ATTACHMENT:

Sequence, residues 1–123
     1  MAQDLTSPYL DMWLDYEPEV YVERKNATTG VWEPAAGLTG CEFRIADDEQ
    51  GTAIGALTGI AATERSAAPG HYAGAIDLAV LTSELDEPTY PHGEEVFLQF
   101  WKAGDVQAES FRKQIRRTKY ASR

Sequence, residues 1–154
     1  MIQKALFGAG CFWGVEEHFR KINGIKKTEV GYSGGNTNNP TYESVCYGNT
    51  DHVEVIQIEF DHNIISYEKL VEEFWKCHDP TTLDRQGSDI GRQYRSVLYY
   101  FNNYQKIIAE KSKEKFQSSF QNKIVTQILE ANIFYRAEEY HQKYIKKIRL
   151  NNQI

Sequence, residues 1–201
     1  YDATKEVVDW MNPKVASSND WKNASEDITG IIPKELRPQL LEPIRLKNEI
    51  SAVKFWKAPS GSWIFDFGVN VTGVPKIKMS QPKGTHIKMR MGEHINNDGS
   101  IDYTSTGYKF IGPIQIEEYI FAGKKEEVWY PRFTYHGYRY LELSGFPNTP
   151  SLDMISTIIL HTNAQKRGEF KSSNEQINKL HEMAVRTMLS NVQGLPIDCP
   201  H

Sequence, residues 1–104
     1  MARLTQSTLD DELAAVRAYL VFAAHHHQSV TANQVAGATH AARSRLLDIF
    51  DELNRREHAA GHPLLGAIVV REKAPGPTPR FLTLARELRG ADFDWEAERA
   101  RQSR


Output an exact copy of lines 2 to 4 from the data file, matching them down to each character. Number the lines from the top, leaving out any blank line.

     1  MAQDLTSPYL DMWLDYEPEV YVERKNATTG VWEPAAGLTG CEFRIADDEQ
    51  GTAIGALTGI AATERSAAPG HYAGAIDLAV LTSELDEPTY PHGEEVFLQF
   101  WKAGDVQAES FRKQIRRTKY ASR